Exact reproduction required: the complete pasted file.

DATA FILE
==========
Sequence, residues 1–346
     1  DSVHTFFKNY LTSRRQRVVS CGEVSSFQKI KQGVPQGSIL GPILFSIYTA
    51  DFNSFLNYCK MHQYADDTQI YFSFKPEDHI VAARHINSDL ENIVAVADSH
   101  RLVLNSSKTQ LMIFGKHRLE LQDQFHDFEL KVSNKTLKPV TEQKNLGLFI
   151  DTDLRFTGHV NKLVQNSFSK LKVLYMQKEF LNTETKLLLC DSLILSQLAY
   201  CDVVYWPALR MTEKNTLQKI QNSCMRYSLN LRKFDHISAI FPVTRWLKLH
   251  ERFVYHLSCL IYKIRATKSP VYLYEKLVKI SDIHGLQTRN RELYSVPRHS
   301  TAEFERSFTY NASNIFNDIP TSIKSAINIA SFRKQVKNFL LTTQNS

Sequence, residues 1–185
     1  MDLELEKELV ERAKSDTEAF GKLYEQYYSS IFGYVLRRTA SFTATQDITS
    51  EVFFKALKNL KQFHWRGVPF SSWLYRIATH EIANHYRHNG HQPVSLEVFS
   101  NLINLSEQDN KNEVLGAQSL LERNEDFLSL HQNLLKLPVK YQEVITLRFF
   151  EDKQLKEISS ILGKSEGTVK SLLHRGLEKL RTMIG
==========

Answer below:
Sequence, residues 1–346
     1  DSVHTFFKNY LTSRRQRVVS CGEVSSFQKI KQGVPQGSIL GPILFSIYTA
    51  DFNSFLNYCK MHQYADDTQI YFSFKPEDHI VAARHINSDL ENIVAVADSH
   101  RLVLNSSKTQ LMIFGKHRLE LQDQFHDFEL KVSNKTLKPV TEQKNLGLFI
   151  DTDLRFTGHV NKLVQNSFSK LKVLYMQKEF LNTETKLLLC DSLILSQLAY
   201  CDVVYWPALR MTEKNTLQKI QNSCMRYSLN LRKFDHISAI FPVTRWLKLH
   251  ERFVYHLSCL IYKIRATKSP VYLYEKLVKI SDIHGLQTRN RELYSVPRHS
   301  TAEFERSFTY NASNIFNDIP TSIKSAINIA SFRKQVKNFL LTTQNS

Sequence, residues 1–185
     1  MDLELEKELV ERAKSDTEAF GKLYEQYYSS IFGYVLRRTA SFTATQDITS
    51  EVFFKALKNL KQFHWRGVPF SSWLYRIATH EIANHYRHNG HQPVSLEVFS
   101  NLINLSEQDN KNEVLGAQSL LERNEDFLSL HQNLLKLPVK YQEVITLRFF
   151  EDKQLKEISS ILGKSEGTVK SLLHRGLEKL RTMIG